Tropical Storm Emily breaks up over Haiti
- 4 August 2011
- From the section Latin America & Caribbean
A tropical storm that has been lashing Haiti and the Dominican Republic with intense rain has broken up.
The US National Hurricane Center (NHC) said Storm Emily lost force as it moved across the mountains of Hispaniola - the Caribbean island the two nations share.
The storm brought flooding to parts of Haiti's south coast.
But camps housing hundreds of thousands of people made homeless by last year's earthquake have so far been spared.
The storm dissipated into a trough low-pressure, the NHC said, but was still capable of causing life-threatening landslides and flash floods.
The Haitian authorities had issued a red alert and urged people to leave camps around the capital, Port-au-Prince, many of which stand on vulnerable hillsides.
Flights were cancelled and government buildings closed as the storm approached.
Forecasters said 15-30cm (6-12in) of rain could fall, with up to 50cm possible in some regions.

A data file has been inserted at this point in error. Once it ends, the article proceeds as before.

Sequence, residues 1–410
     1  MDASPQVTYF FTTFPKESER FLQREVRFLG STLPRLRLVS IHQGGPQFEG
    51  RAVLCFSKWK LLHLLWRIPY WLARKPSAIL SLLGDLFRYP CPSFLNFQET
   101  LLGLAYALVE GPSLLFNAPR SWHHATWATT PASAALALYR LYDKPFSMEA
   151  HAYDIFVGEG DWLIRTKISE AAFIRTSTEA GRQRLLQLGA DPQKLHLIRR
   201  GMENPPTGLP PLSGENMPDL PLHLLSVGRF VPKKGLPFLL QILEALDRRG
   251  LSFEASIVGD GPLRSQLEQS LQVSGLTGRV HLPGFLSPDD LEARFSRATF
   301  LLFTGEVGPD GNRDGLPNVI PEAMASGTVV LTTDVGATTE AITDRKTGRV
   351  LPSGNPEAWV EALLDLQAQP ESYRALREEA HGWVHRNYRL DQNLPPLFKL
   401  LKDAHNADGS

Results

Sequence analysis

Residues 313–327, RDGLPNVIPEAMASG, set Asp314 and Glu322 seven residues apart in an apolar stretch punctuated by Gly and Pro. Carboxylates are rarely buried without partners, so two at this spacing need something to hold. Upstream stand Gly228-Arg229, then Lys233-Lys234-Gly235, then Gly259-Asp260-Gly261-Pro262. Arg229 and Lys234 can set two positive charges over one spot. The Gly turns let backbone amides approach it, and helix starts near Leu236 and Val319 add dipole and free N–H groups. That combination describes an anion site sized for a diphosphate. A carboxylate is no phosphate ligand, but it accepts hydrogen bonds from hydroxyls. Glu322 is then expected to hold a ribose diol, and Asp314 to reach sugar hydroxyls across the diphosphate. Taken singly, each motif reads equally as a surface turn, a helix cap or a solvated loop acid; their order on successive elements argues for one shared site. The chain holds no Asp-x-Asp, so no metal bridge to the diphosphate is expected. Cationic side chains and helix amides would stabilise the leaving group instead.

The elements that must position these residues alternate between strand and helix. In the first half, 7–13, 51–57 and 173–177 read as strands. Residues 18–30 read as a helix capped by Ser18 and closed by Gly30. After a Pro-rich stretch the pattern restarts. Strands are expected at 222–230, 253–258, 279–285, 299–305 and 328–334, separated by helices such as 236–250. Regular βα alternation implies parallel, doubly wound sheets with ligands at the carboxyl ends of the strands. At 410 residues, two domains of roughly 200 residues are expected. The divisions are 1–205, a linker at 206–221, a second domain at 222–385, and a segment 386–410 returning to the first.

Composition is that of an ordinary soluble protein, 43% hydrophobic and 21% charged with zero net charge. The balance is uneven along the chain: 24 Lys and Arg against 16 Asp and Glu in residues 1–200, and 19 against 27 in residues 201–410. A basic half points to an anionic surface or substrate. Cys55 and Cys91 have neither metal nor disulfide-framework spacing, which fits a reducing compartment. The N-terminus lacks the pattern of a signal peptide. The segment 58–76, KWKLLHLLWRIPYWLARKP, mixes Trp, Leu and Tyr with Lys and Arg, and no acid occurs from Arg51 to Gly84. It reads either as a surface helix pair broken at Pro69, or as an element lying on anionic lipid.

In the Dominican Republic, 5,000 people were evacuated from areas at risk of flooding, but the government has discontinued its tropical storm warning.
Storm warnings have also been lifted in Cuba and the Bahamas.
Extensive deforestation and poor infrastructure make Haiti particularly vulnerable to heavy rain.
In June, more than 20 people were killed by mudslides and flash floods.
Haiti is also still struggling to recover from the January 2010 earthquake.
President Michel Martelly took office in May but has not yet managed to form a government, complicating aid efforts.
According to the International Organization for Migration, some 634,000 Haitians still live in camps, although other estimates of what is a necessarily fluctuating population put the figure at 375,000.
On Tuesday, Haitian lawmakers voted against Mr Martelly's new choice of prime minister, Bernard Gousse, following their rejection in June of his first pick, Daniel-Gerard Rouzier.
President Martelly needs a prime minister in order to assemble a government that can work with international agencies involved in the task of rebuilding after the quake.
The lack of an administration is also hampering emergency planning to cope with future disasters.